Tyrann Mathieu to enroll at LSU

Tyrann Mathieu will enroll at LSU on Tuesday, his adoptive father Tyrone told ESPN's Joe Schad on Monday.

Tyrone Mathieu announced in late August that Tyrann, the 20-year-old cornerback and punt returner known as the "Honey Badger," would not play football this season and was working on his issues with former NBA player John Lucas.

"Tyrann is working on discipline, maturity and character," Mathieu said then. "He's making life adjustments."

LSU coach Les Miles kicked Mathieu off the team in August for what a source told ESPN was a violation of the school's substance abuse policy.

Between his dismissal and Tuesday's enrollment, Tyrann Mathieu had been at the Right Step recovery center.

Sheila Mathieu, Tyrone's adoptive mother, said "yes" when asked if she thought Tyrann may be able to play for LSU again.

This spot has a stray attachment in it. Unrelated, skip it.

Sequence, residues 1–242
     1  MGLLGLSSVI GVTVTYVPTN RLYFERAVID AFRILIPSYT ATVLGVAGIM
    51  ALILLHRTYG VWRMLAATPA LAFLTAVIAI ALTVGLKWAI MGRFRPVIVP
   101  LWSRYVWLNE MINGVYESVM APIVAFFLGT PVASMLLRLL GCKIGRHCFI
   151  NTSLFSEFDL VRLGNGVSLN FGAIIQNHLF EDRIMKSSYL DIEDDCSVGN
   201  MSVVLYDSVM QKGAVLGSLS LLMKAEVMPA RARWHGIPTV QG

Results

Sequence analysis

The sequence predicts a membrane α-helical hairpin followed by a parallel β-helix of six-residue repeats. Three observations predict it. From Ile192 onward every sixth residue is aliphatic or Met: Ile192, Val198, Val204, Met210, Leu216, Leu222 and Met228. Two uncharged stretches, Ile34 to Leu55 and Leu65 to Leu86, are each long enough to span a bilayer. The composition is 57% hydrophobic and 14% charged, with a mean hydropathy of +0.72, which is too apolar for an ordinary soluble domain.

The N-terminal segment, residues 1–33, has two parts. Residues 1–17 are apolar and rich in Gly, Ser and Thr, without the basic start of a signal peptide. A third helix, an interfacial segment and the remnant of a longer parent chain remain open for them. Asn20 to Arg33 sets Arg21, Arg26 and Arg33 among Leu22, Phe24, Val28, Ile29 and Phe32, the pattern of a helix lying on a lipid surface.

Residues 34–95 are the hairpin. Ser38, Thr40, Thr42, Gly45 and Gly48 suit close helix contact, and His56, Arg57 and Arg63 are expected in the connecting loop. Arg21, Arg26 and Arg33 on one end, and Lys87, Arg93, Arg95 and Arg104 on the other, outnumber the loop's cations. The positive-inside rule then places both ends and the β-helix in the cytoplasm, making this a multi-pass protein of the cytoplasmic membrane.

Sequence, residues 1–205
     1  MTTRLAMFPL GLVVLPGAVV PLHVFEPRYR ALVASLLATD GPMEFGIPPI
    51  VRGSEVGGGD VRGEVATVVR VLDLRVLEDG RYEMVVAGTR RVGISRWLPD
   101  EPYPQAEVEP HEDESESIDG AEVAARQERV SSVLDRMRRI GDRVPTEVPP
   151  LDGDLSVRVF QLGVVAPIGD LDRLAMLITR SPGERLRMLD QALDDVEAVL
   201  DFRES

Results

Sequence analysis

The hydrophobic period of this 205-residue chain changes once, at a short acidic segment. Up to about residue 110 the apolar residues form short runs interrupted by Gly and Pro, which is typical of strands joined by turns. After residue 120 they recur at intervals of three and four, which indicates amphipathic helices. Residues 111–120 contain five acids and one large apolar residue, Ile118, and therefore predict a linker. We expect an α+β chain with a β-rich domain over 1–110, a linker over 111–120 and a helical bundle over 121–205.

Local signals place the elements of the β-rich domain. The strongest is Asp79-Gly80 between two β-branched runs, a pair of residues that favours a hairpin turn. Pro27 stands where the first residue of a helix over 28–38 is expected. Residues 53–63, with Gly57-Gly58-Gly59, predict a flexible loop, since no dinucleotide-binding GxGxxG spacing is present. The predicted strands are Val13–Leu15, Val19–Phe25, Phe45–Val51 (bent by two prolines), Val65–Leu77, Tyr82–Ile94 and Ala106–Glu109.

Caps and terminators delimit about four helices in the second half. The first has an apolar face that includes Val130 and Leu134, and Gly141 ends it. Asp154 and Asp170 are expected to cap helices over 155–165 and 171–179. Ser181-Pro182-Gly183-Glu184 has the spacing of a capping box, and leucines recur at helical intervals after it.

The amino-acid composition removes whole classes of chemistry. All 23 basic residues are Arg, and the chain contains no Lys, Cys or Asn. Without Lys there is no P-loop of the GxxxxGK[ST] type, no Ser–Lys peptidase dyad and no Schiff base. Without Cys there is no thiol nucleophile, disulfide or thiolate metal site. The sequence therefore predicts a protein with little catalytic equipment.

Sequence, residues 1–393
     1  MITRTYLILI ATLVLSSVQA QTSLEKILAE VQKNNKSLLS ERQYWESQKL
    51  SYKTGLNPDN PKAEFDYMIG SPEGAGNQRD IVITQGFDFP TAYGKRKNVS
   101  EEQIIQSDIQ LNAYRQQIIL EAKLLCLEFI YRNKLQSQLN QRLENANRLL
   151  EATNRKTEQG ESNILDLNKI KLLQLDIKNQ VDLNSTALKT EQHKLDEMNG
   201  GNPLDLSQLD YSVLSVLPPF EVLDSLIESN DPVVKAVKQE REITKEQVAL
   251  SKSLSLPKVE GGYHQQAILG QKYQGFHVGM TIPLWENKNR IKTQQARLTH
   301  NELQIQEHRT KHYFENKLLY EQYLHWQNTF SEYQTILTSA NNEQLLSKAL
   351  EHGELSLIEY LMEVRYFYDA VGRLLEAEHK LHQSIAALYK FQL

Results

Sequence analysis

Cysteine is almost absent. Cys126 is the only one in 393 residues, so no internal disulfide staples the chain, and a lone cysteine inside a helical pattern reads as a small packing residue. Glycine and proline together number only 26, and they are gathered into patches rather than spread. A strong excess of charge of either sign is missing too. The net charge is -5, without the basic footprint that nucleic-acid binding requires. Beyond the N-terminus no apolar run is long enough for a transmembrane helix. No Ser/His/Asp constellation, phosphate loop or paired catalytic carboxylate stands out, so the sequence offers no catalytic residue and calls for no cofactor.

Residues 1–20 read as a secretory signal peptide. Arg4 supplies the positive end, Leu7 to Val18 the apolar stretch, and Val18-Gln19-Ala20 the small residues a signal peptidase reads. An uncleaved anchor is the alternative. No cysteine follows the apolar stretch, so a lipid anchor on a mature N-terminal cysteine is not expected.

"Tyrann is a lot better, thank God," she said. "He's strengthening himself and he continues to do so. He's focused on academics."

Mathieu said Tyrann will stay in touch with mentor Lucas through phone calls and texts.

"It's an ongoing process," she said. "It's not a done deal but a work in (progress)."

Sheila said it was Tyrann's decision to return to LSU and the family supports it.

Mathieu briefly considered transferring to a FCS or lower-division school where he could play immediately, and visited McNeese State and Nicholls State, but instead decided to stay at LSU. It is unknown whether Miles would consider reinstating him in the future. Mathieu will be eligible to enter the NFL draft in 2013.

Mathieu earned the nickname Honey Badger for his tenacious style, small stature (5-foot-9, 175 pounds) and blond streak of hair, rising from obscurity to become one of college football's biggest stars in 2011, his sophomore season.

Mathieu won the Bednarik Award as national defensive player of the year last season. He scored four touchdowns -- two on punt returns and two on fumble returns -- intercepted two passes, caused six fumbles and recovered four.

Information from ESPN's Joe Schad and The Associated Press was used in this report.